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Table 3 Correlations between risk factors and occlusive lesions in cerebral arteries Odds ratio

95% CI


ECAS Age > 70 years Male sex Hypertension Diabetes Hyperlipidemia Smoking habit PVD TIA

0.886 1.864 0.833 1.014 1.238 0.417 1.308 1.358

0.438–1.791 0.898–3.870 0.385–1.802 0.509–2.020 0.621–2.468 0.198–0.880 0.624–2.741 0.612–3.011

0.735 0.092 0.643 0.968 0.544 0.02 0.477 0.451

ICAS Age > 70 years Male sex Hypertension Diabetes Hyperlipidemia Smoking habit PVD TIA ECAS

0.839 0.789 0.976 1.040 1.046 1.882 0.970 2.281 0.467

0.429–1.643 0.389–1.600 0.465–2.048 0.545–1.985 0.547–2.002 0.959–3.697 0.477–1.974 1.147–4.536 0.226–0.967

0.609 0.511 0.949 0.905 0.892 0.064 0.934 0.522 0.078

ECAS, extracranial carotid artery stenosis; ICAS, intracranial cerebral artery stenosis; PVD, peripheral vascular disease; TIA, transient ischemic attack.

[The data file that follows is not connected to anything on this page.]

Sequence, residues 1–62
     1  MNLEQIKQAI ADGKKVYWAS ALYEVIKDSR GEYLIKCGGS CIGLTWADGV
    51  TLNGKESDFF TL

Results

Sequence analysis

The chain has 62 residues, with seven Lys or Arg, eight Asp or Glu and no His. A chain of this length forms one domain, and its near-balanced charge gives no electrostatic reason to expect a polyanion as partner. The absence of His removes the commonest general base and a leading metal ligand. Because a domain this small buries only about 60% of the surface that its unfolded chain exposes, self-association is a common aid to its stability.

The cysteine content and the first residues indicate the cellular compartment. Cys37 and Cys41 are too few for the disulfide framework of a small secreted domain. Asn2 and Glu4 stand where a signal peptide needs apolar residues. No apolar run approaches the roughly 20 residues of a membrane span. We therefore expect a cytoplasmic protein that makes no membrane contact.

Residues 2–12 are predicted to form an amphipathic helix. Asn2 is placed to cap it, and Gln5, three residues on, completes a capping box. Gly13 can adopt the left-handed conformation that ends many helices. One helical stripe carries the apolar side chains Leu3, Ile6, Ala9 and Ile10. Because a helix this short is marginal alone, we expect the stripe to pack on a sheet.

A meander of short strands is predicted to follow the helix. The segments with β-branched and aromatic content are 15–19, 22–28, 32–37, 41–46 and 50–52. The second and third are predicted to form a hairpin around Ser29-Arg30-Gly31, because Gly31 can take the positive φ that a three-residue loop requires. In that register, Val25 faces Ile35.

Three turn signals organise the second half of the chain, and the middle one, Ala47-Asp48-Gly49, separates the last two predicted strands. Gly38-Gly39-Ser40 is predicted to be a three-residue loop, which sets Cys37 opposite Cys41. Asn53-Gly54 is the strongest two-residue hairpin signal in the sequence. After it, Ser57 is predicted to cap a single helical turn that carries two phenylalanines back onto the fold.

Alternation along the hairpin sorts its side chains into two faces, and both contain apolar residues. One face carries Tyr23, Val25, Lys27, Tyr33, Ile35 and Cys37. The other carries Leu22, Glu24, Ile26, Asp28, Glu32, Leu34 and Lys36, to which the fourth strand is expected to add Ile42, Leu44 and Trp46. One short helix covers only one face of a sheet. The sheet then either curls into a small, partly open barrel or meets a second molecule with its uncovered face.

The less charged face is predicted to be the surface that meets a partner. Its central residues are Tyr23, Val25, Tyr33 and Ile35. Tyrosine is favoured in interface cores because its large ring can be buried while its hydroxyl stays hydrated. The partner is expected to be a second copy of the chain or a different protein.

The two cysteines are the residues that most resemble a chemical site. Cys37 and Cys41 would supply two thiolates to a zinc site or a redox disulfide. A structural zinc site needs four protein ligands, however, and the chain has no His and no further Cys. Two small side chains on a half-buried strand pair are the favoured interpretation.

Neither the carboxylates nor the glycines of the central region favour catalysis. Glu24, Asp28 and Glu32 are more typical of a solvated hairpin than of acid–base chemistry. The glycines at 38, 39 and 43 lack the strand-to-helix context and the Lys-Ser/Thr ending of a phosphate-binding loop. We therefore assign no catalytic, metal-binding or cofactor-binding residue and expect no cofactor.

For symptomatic patients with a 50% intracranial stenoses who have failed medical therapy, balloon angioplasty with or without stenting should be considered. In patients with ICAS preparing for CABG, there is insufficient evidence to make definitive recommendations regarding endovascular therapy to prevent perioperative stroke [21,22]. However, preoperative identification of ICAS provides information regarding operative risk and avoids hypotension or dehydration during and after CABG [5]. Additionally, preoperative vascular risk assessment can guide targeted surgical treatment options that reduce perioperative stroke in patients undergoing CABG [16]. The previous studies have shown that the risk factors for occlusive lesions in the cervical carotid artery and intracranial arteries were different. Compared with extracranial stenoses, intracranial stenoses do not correlate as well with the typical atherosclerotic risk factors for peripheral and coronary vascular disease (i.e., male sex, hypercholesterolemia, and white race). In contrast, in certain races, other factors (e.g., Hispanic Americans, blacks, Asians, female sex, diabetes, and younger age)